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From Whistle Stop to Sound Bite : Four Decades of Politics and Television, Hardback Book

From Whistle Stop to Sound Bite : Four Decades of Politics and Television Hardback

Description

Sig Mickelson, former president of CBS News and pioneer in television coverage of political events, gives an eyewitness account of Television's complicated interaction with the U.S. political system. From Whistle Stop to Sound Bite explores the origins of the relationship between television and politics and offers an analysis of the factors that led to the decline of substance in the political campaign.

With a fine eye for detail and many years of political coverage experience behind him, Mickelson probes four decades of TV history and defines the changes that this new media has wrought on the political scene. Television and politics would seem to have been made for each other, Sig Mickelson was there as a major figure at their first meeting.

It might be said he introduced them. Here is his carefully documented account of their frequently stormy courtship--and his cogent analysis of the flaws and dangers in the unbreakable marriage.

The book is fascinating, profound, and important. Walter Cronkite ... a superb and useful study that substantially informs our understanding of the role of television and modern politics. Everette E. Dennis ... an important book--filled with insight, wisdom, and value. Newton MinnowSig Mickelson, former president of CBS News and pioneer in television coverage of political events, gives an eyewitness account of television's complicated interation with the U.S. political system. From Whistle Stop to Sound Bite explores the origins of the relationship between television and politics and offers an analysis of the factors that led to the decline of substance in the political campaign.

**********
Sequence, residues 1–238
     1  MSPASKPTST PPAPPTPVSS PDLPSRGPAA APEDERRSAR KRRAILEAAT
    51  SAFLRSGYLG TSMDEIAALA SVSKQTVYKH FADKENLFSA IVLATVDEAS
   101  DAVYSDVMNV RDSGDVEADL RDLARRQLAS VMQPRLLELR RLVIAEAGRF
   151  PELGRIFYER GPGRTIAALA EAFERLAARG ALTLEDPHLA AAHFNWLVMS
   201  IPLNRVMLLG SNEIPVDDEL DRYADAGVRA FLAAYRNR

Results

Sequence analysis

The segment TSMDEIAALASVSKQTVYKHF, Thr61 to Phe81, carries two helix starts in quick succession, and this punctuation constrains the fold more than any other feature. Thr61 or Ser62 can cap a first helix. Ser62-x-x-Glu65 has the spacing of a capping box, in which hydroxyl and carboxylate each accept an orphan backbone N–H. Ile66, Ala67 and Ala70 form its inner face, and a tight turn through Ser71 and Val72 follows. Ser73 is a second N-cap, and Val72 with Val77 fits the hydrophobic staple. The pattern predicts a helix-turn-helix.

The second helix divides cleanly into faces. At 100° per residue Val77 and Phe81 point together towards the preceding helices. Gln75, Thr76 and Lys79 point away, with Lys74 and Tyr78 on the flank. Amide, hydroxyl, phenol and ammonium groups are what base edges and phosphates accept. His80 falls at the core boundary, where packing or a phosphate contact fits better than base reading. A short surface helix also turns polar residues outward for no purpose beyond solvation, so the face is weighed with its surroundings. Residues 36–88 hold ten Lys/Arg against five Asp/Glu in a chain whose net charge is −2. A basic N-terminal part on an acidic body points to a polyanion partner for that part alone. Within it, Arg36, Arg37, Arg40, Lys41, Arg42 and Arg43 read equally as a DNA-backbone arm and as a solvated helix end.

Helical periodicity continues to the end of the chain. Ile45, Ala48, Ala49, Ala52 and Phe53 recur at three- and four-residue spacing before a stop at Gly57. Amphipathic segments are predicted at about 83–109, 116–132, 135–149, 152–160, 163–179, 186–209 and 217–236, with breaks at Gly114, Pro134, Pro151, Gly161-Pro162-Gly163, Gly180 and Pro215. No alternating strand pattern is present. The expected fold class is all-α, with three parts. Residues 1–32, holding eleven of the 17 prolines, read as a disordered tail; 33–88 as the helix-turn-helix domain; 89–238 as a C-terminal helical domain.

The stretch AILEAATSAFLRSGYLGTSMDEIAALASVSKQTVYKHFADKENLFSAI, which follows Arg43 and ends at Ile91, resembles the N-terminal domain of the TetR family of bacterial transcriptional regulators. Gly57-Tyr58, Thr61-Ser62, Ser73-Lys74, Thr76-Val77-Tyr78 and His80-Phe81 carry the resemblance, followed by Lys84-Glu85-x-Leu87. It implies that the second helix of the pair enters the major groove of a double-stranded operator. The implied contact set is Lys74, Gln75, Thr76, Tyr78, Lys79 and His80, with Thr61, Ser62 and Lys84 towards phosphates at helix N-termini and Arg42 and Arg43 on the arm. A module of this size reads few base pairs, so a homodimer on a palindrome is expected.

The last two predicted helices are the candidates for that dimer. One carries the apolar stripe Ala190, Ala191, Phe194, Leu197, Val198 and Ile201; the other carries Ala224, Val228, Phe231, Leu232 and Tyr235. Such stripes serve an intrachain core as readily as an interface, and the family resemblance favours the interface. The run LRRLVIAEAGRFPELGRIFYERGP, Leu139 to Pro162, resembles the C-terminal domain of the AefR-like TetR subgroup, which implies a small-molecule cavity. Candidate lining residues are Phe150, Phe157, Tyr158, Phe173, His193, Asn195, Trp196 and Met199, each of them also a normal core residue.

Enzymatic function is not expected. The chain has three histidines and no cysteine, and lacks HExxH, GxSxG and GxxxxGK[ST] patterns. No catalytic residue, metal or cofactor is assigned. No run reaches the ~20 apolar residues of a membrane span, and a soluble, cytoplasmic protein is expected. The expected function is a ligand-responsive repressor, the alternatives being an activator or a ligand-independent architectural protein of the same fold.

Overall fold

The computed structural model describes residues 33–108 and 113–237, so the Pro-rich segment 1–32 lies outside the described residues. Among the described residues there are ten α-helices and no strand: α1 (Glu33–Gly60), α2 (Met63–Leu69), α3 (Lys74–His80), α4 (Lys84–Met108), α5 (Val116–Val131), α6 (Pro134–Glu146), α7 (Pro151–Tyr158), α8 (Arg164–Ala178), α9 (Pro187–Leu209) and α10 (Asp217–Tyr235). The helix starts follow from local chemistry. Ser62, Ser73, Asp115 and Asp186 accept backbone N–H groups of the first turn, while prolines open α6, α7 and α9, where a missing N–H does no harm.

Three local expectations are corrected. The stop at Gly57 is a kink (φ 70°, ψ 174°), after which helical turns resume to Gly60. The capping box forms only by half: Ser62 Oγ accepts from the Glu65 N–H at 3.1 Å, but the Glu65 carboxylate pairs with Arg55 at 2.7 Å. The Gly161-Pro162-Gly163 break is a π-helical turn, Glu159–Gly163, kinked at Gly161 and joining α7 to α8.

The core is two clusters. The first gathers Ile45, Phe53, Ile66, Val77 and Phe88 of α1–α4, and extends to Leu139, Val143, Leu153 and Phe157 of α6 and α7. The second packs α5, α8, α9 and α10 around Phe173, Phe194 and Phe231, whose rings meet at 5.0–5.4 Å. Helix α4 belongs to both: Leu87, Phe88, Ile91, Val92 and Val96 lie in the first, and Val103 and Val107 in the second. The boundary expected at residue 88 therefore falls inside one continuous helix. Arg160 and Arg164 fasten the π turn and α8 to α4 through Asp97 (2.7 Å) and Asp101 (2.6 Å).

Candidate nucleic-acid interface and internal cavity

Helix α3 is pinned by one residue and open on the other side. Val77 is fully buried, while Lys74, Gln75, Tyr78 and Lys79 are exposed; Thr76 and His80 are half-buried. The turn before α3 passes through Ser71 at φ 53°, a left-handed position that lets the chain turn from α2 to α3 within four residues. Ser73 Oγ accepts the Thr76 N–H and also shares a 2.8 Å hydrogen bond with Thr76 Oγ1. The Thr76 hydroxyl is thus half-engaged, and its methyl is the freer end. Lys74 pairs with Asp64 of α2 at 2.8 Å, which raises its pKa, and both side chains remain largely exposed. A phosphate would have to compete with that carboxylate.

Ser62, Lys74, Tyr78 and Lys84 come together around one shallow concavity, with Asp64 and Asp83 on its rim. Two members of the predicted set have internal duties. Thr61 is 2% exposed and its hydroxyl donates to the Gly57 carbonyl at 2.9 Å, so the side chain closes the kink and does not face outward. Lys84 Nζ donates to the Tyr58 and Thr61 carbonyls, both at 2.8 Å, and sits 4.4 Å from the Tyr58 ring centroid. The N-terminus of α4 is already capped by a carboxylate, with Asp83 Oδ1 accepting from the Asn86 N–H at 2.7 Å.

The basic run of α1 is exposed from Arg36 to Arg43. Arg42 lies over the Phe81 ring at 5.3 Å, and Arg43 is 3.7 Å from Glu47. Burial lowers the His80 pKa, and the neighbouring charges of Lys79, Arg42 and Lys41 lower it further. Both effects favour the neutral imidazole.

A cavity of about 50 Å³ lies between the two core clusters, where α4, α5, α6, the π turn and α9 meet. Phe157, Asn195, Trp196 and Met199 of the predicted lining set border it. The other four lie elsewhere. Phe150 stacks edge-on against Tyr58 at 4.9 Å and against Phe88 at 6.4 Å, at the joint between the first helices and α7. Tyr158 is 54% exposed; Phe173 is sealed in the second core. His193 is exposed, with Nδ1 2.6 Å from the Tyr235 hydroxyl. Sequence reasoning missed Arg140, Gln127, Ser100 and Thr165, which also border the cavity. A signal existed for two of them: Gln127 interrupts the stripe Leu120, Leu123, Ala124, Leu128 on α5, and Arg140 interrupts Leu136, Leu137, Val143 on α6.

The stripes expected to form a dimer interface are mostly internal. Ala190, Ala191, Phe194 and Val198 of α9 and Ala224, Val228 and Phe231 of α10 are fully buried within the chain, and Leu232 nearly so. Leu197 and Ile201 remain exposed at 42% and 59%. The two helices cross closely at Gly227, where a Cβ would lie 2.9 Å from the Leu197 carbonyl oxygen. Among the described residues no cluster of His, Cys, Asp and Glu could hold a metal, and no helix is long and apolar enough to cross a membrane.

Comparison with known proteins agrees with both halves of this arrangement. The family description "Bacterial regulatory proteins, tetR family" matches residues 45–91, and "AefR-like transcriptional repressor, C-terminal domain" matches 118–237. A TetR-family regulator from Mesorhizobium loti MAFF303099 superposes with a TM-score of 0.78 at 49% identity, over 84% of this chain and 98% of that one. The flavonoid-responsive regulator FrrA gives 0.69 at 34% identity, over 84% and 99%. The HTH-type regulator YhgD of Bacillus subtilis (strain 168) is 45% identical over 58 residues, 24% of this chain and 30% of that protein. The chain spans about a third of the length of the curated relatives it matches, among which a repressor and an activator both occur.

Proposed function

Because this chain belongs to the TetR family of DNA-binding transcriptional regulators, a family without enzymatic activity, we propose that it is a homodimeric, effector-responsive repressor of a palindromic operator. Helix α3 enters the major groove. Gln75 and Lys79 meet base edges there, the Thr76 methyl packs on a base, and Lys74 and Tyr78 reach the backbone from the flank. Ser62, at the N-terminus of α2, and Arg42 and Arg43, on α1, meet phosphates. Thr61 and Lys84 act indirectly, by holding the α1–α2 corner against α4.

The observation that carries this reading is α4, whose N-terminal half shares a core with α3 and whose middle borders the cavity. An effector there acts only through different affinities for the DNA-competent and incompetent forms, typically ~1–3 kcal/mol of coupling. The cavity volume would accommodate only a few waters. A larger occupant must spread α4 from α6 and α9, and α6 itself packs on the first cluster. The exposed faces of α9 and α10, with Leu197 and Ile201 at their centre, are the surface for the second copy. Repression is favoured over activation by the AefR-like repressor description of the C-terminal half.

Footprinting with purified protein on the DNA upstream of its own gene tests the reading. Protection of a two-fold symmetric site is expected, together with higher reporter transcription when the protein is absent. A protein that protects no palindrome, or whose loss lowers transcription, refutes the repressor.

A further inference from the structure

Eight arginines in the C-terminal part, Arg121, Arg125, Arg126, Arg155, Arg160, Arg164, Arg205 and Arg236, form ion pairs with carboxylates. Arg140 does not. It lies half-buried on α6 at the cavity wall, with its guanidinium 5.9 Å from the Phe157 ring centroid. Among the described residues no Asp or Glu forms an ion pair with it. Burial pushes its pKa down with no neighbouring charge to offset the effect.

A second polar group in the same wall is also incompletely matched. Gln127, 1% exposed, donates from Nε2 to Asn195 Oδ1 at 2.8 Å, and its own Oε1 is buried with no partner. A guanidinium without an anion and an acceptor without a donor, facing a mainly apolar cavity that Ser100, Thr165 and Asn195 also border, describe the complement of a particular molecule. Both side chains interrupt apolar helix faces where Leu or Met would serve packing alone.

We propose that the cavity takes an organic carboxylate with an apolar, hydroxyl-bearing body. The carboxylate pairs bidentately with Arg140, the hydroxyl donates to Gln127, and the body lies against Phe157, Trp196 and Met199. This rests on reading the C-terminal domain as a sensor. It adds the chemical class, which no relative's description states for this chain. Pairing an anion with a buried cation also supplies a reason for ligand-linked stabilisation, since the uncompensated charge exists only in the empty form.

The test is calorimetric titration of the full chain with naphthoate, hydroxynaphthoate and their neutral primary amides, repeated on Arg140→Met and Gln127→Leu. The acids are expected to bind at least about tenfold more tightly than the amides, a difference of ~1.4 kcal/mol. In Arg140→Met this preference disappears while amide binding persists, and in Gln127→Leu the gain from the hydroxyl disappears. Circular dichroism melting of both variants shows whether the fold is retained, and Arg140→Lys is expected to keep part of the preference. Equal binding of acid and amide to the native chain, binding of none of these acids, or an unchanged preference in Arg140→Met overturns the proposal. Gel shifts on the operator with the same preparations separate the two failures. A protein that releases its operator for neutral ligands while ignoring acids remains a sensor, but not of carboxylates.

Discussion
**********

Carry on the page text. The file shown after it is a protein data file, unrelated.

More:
With a fine eye for detail and many years of political coverage experience behind him, Mickelson probes four decades of TV history and defines the changes that this new media has wrought on the political scene: bright hopes for debate that were dimmed as candidates took control of the media machinery; the weakening of the party structure as television, rather than the party, became the candidate's link with the public; and the decline of the convention. Mickelson recounts events from the days of early television when the fledgling medium was testing the political waters, eventually opting for full immersion.

By placing the origins of television's relationships with politics and politicians under close surveillance, writes Mickelson, we may equip ourselves with better tools to assess the merits and weaknesses of the present system and to better analyze proposed remedial measures.

Professional and student journalists, communications specialists, political managers, candidates and potential candidates as well as the general reader interested in television and politics will find valuable information here about television's indelible mark on the U.S. political system.

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